While CO2 represented almost all of the industry’s GHG emissions (98%), methane (CH4) emissions from ships increased recently due to increased use and transport of liquefied gas and associated methane slip. There is potential for this trend to continue in the future if shipping moves to LNG-powered ships. There is also potential for the sector to make significant GHG reductions.

These can be achieved through a combination of:

  • Increasing the energy efficiency of shipping
  • Reducing the GHG intensity of the energy used by ships
The Shipping Technical Working Group and Industry Working Group 
In early 2019, CBI convened a Shipping Technical Working Group (TWG) and Industry Working Group (IWG) to develop the CBI Shipping Criteria. The Shipping Criteria form part of the Climate Bonds Standard and provide a succinct set of decision rules for determining when shipping projects and assets are compatible with a low carbon, climate resilient economy, and are therefore eligible for certification under the Climate Bonds Standard.
The TWG and IWG is comprised of representatives from academia, civil society, ship owners, operators, investors and international policy bodies from around the world.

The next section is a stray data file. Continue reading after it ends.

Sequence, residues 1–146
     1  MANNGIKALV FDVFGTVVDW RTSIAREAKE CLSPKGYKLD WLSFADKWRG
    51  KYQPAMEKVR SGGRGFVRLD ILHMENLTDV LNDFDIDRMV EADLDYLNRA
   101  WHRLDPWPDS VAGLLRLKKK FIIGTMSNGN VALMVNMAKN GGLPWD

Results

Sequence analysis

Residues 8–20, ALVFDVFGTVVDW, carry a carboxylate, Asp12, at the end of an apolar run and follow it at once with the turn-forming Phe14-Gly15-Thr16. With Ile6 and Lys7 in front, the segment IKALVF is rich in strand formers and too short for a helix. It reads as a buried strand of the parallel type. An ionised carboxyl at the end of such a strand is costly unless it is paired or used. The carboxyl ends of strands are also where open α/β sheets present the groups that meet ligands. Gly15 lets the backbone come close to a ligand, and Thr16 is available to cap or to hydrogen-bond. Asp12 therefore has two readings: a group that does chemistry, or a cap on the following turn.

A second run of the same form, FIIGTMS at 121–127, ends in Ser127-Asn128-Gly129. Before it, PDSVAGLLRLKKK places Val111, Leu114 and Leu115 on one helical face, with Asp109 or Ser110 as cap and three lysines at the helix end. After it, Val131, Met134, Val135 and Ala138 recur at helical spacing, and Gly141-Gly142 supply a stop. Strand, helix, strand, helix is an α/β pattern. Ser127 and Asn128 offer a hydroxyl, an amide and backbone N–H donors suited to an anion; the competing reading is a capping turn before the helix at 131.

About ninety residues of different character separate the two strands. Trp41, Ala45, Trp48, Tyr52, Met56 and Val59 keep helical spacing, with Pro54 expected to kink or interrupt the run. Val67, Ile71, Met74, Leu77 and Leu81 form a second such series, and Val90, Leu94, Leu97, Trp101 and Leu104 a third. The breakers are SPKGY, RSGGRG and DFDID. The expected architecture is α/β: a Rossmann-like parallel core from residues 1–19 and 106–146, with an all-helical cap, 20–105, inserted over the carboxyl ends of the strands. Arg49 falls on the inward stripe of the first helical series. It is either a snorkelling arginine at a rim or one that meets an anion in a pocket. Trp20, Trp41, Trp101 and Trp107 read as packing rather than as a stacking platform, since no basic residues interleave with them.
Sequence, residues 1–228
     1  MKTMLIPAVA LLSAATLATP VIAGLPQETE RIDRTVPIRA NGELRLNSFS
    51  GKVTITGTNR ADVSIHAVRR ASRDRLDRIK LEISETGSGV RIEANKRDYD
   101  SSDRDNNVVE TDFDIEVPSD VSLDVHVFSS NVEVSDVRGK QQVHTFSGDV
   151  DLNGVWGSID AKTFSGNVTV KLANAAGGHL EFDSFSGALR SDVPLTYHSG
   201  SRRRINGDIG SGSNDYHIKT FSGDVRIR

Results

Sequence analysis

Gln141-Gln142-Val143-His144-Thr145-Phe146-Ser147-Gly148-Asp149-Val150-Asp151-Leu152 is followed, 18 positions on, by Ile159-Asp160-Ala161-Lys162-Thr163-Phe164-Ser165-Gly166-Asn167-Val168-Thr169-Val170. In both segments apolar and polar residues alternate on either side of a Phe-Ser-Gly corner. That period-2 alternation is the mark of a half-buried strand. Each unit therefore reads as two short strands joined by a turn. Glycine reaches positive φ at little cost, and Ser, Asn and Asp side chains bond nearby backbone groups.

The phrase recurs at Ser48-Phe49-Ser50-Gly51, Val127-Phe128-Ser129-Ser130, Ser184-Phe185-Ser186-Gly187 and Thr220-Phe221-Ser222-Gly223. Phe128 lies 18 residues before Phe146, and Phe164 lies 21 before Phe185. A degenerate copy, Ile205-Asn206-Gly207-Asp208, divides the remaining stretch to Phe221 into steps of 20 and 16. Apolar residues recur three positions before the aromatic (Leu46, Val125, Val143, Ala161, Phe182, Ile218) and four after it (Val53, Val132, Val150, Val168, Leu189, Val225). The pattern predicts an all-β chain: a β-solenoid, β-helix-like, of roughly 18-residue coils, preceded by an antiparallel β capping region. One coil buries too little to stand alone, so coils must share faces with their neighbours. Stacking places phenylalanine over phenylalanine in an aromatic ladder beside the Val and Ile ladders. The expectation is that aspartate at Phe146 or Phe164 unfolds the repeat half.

On April 27th, 2020, the Climate Bonds Shipping Criteria were released for public consultation.
The consultation ran for two months until June 26th. 

Technical Consultants

Dr. Tristan Smith, Reader in Energy and Transport at University College London
Dr. Tristan Smith has grown a substantial group focused on modelling and analysis of shipping’s efficiency and emissions. He led the 3rd IMO GHG study, is lead author of ISO 19030, co-chair of World Bank’s CPLC Maritime Thread, and has been involved in numerous projects across the academic, industry and policy domains. The group maintains a number of models including GloTraM, which is used by several multinationals to explore shipping’s future scenarios and technology evolution. Along with Dr. Simon Davies, he is co-founder of University Maritime Advisory Services (UMAS).